May we see!

By Rev. Chris Jorgensen

April 7, 2019

Scripture: 2 Cor 5:16-20

Last week, we talked about what our Methodist hero John Wesley called “The Scripture Way of Salvation.” In it, he identifies three movements of God’s grace: prevenient grace, justifying grace, and sanctifying grace. I know those are three big words today. But this is really review from last week – so we’ve got this.

So let’s start with prevenient grace. Prevenient grace comes first. It is the grace of God that is with us and guiding us even before we are aware of it. It is the grace that causes us to long to know God, to do good even before we have faith. Prevenient grace is God with us and in us from the very start of our lives.

Next, is justifying grace. It is present in an event called “justification.” This is that moment of turning toward God, that moment we become aware of God’s presence and we say, “YES, God! Make me more like you!” In this very moment, says Wesley, “Ye are saved!” Justification is turning toward God and committing to continue to turn toward God each day. It is, in the language of today’s scripture, that moment when everything is made new! New life, lived in love, NOW.

Great. We are justified. What happens next? Well, that’s today’s big word: sanctification. Sanctification is what happens after we say “yes” to God and begin to allow ourselves to be shaped by God’s presence. When we are being sanctified, our lives begin to look different. There might be big changes all at once, or little changes day-by-day…but our Wesleyan belief in sanctification means that God does not leave us the same. God is always working on us: helping us to grow in faith, hope, and love.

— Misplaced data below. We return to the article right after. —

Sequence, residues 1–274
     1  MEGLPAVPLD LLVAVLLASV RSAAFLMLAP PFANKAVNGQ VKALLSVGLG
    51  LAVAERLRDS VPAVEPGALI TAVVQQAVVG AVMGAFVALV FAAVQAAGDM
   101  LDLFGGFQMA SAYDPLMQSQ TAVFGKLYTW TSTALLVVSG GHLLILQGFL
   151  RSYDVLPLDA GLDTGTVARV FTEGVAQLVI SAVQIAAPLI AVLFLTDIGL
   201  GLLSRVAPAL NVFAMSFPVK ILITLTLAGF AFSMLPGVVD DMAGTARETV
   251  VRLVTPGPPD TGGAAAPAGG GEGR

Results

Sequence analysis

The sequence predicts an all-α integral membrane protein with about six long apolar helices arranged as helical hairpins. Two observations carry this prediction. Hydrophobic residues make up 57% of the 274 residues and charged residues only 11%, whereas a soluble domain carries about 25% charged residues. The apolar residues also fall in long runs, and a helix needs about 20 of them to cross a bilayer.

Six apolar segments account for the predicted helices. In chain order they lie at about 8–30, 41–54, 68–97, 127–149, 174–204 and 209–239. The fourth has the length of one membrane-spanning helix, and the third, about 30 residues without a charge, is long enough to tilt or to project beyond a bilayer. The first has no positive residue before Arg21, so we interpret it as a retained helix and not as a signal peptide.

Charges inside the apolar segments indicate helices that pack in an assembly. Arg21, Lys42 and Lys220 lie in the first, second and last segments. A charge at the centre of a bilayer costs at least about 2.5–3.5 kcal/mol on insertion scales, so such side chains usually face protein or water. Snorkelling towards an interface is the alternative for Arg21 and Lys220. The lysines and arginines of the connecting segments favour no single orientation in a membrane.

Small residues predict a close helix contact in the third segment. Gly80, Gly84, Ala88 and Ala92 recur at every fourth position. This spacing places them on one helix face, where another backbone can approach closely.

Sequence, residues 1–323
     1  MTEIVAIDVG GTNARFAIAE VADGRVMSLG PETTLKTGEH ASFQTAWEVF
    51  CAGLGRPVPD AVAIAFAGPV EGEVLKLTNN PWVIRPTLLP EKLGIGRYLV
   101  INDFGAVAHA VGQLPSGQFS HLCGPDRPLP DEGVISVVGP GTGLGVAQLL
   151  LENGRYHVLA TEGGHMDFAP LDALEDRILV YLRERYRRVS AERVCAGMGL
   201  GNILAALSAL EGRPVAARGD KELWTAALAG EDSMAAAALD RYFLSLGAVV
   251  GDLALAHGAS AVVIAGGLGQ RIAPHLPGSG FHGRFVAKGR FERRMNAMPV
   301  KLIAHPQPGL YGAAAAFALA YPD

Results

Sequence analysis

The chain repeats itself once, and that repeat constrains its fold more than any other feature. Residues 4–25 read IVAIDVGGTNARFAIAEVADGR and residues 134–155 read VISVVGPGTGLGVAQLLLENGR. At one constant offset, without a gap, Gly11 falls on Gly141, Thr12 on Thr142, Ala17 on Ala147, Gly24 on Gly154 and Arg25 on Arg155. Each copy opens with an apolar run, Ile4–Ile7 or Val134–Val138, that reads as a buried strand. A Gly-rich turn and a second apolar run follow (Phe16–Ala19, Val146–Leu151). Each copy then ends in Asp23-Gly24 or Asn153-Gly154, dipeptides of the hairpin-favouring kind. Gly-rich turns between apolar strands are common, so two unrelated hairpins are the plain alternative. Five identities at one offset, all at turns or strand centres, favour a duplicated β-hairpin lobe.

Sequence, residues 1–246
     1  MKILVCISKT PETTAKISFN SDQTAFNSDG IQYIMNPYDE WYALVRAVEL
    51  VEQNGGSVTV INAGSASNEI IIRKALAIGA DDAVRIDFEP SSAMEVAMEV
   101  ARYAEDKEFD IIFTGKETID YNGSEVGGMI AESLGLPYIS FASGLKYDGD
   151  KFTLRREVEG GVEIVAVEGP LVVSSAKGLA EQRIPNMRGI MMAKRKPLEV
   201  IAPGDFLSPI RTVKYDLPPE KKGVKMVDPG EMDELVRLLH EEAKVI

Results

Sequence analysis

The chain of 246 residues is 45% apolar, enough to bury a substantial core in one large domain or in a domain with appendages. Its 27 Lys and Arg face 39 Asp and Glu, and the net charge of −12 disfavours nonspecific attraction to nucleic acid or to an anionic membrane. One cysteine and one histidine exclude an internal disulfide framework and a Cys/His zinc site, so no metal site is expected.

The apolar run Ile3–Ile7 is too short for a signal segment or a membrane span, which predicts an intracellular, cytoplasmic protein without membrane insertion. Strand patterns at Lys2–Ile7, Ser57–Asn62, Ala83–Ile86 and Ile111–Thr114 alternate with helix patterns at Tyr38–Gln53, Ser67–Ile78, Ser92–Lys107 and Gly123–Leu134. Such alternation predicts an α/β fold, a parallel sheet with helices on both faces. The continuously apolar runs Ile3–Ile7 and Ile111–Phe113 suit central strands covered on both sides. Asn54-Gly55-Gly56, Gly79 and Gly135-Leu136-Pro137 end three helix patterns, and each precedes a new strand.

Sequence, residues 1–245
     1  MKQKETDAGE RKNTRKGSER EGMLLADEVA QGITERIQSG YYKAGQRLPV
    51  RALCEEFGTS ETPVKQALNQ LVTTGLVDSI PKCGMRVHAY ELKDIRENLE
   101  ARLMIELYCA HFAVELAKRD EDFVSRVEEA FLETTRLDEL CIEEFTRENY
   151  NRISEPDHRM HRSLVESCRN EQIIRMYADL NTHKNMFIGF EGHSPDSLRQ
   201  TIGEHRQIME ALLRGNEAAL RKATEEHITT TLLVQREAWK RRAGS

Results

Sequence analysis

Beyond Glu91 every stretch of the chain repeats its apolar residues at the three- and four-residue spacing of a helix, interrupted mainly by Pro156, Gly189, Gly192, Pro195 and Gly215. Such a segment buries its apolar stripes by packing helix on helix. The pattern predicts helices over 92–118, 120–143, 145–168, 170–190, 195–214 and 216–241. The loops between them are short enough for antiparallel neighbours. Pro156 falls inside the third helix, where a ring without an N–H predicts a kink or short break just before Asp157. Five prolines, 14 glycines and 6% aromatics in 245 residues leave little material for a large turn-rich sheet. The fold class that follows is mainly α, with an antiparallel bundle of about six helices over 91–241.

What I like about sanctification is that you can SEE it. Our scripture today says, “So if anyone is in Christ, there is a new creation: everything old has passed away; see, everything has become new!”

photo of a magnifying glass

See! Everything has become new. When we are sanctified, we become new creations…and we are also given the gift of seeing the presence of God in one another. It’s like we are given a new set of glasses. We no longer see people as just people; we see the image of God shining through them.

I want to tell you a story. Last summer, I was up in Wisconsin visiting my parents. My dad, who is a Catholic lay person, as part of his ministry, goes to a nursing home there and visits with retired Catholic priests. He had told these priests about his Methodist pastor daughter, so he invited me to go visit with them. Now, you should know ahead of time that none of these priests had any problem with that. They were all glad to meet me.

Well, one priest was named Father Don. Father Don was in the memory ward at the home because of some cognitive difficulties. My Dad said he wasn’t sure Father Don would appreciate my visit as he could be a little less social than the other priests, but he thought we should give it a try. I was game.